One quarter of the waste generated at the U is organic and eligible for composting. Collecting organic material has the potential to greatly reduce the cost of waste recovery at the U of M Twin Cities. The U spends $64/ton to dispose of solid waste whereas organics is only a mere $15/ton. Hold a zero waste event! Our staff is more than happy to provide your group with organic collection barrels for events of all kinds. See our Events page for additional details or to submit a zero waste event form.
For more information about organic recycling in Minneapolis and their drop-off locations view the .
The University of Minnesota has a long history as a leader in institutional waste reduction. Our recycling program has been considered the pioneer program of its kind, and has served as a template for other large organizations passionate about reducing their environmental footprint.
Despite national increases in waste, the UMN has steadily decreased the amount of waste bound for the incinerator. Last year, over 40% of the University's solid waste was recovered and recycled.
Organics recycling is essentially a fancy name for composting. The program is primarily concerned with recovering food waste, which accounts for 25% of the U's total waste output. In our pilot programs, we have increased our scope to other compostable materials, such as animal waste and paper toweling.
Acceptable Compostable Dining Ware
Choosing compostable dining ware can be difficult when many products are boasted as eco-friendly and plant based. The Recycling Program will only accept products that are certified by the Biodegradable Products Institute. U Market stocks some of the products and more products can be purchased from local stores or at online retailers like Amazon.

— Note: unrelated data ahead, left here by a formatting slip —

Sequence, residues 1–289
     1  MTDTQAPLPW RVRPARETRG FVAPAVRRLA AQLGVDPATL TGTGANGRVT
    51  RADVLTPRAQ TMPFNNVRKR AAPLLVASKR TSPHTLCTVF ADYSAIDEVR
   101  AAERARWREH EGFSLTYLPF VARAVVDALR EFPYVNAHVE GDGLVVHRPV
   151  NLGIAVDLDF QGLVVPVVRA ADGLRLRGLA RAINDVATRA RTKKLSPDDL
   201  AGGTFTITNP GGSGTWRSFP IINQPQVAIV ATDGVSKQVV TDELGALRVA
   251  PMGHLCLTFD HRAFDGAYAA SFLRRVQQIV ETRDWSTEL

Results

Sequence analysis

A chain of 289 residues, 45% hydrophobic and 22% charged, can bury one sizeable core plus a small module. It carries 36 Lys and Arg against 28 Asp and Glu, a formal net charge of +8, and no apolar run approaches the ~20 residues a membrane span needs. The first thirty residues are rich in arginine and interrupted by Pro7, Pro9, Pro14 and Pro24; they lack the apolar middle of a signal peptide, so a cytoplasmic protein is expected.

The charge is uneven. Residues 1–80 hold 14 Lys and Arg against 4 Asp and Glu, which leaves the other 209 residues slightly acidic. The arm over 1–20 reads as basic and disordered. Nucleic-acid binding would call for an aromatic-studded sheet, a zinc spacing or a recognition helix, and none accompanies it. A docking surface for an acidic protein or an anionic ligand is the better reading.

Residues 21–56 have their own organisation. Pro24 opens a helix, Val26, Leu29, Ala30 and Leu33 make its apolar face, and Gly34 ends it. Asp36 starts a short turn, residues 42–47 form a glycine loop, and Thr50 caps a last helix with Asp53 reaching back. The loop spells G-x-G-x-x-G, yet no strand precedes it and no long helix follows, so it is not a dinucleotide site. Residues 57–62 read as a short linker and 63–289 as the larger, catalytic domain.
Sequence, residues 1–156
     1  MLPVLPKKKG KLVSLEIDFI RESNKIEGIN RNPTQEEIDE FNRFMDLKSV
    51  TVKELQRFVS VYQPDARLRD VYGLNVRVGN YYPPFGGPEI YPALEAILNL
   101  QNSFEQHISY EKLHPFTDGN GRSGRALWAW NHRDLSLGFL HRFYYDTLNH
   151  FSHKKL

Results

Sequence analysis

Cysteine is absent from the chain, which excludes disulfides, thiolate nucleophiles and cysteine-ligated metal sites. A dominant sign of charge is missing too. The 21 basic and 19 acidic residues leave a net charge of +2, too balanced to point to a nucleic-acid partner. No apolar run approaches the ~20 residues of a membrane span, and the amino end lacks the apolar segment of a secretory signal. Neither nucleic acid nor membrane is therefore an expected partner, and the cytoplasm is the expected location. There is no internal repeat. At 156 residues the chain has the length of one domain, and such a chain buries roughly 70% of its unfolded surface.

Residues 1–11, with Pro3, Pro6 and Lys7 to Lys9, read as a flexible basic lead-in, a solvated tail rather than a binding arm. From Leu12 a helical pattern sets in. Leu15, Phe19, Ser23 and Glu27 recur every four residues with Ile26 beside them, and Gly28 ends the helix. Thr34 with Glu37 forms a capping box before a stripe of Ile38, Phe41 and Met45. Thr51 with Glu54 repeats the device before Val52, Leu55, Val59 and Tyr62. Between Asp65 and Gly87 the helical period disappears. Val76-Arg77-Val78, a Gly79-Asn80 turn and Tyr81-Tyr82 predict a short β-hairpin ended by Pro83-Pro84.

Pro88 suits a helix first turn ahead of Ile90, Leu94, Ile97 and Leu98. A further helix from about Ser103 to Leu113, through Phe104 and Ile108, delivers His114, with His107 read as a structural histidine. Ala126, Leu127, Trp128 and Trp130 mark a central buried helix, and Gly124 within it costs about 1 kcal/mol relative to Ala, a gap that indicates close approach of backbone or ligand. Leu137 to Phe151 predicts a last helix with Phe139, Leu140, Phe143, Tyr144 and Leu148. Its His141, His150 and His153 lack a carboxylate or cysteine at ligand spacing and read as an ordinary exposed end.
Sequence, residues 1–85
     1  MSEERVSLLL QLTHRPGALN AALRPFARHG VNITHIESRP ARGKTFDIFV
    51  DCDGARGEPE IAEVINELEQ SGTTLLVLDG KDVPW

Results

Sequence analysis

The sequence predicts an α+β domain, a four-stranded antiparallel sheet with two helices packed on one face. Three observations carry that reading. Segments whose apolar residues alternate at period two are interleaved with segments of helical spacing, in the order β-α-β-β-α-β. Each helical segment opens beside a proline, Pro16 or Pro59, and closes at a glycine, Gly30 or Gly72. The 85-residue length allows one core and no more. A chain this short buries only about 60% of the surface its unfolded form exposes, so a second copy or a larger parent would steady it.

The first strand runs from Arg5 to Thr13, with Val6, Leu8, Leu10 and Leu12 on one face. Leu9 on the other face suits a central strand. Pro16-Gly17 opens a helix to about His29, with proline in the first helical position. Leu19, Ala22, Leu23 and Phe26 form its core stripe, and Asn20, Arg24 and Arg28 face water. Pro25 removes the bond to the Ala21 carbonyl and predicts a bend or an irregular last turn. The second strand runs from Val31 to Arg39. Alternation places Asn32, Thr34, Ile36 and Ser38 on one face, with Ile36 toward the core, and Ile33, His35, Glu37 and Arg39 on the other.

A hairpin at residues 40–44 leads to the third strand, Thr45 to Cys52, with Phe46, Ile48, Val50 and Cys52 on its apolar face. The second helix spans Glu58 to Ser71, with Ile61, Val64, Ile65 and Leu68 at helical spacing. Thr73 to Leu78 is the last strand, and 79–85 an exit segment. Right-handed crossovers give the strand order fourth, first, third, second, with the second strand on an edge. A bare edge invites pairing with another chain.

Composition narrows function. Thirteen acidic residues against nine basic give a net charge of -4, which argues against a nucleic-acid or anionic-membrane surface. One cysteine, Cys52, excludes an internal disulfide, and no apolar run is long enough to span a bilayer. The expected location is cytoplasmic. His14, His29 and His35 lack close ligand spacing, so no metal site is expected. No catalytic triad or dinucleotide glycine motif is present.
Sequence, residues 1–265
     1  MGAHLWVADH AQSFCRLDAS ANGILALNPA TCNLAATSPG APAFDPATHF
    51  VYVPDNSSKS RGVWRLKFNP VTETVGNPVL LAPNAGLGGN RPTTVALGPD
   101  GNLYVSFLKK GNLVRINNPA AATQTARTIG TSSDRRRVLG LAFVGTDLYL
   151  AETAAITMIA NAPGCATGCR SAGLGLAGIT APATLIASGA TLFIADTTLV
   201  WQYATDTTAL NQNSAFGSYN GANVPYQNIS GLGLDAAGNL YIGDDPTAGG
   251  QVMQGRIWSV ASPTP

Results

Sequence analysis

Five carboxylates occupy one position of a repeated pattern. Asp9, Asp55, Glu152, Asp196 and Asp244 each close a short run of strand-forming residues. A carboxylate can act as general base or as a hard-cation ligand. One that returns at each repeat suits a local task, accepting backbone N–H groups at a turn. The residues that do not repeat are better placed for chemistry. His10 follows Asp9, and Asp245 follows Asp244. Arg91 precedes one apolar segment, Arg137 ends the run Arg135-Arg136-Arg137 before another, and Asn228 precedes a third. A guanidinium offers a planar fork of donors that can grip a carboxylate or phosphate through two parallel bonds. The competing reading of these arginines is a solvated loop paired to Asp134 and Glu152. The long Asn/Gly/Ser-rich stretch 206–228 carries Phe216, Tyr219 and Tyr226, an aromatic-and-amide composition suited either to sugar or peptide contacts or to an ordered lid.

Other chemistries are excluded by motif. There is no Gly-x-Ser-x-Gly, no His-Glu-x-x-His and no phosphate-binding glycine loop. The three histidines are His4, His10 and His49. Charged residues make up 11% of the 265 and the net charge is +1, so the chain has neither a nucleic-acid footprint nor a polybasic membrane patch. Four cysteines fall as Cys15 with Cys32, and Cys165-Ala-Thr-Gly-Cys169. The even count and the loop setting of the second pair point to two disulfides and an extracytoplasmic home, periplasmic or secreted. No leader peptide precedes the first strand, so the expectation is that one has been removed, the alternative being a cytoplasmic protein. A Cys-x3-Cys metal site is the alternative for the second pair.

To aid you in your purchasing desicions, we have come up with some helpful links to the acceptable compostable products.
U Market - Search for 'compostable' in the search box to view the acceptable dining ware.
BPI's Product Catalog - Their catalog has a compiled list of all certified products and the links to the products' home pages.
We encourage you to call or email with any questions you might have about acceptable materials.
The Four Phases of the Organics Recycling Program
Phase 1 (Complete) - Implement Organics Recycling in all residence halls, student unions, and small animal facilities.
Phase 2 (90% Complete) - Conversion of single-use disposables to compostables.
Phase 3 (In Progress) - Extend Organics Recycling to all buildings on campus. In buildings participating in pilot programs, building residents are familiarized with the infrastructure associated with organics recycling, and how to utilize composting efficiently and effectively. Generally, all paper towel waste from restrooms is collected, and added to food waste from break-room and kitchen compost bins. Building programs are customized according to needs of building residents, so compost bins may be placed in other areas as well.
Phase 4 - Extend the Organics Recycling Program to area businesses and restaurants. This would prevent the on campus recycling from becoming contaminated, as well as increasing the waste recovery rate.
Buildings with Organics
We are excited to implement organics recycling in several locations across the UMN campus. Organic bins with green lids have been labeled and placed in kitchens and break rooms to collect napkins, food waste, and paper towels.
Since its inception in 2007, several buildings have adopted building-wide organics recycling or paper towel collection.
Building-wide organic collections: Humphrey, College of Veterinary Medicine, Continuing Education and Conference Center, Child Development, Learning and Environmental Sciences.
Paper towel collection: Moos, Weaver-Densford, Hanson, Pattee, Smith, and Carlson.
Eventually, we plan to house organics in every building across campus as we move closer to a zero waste university.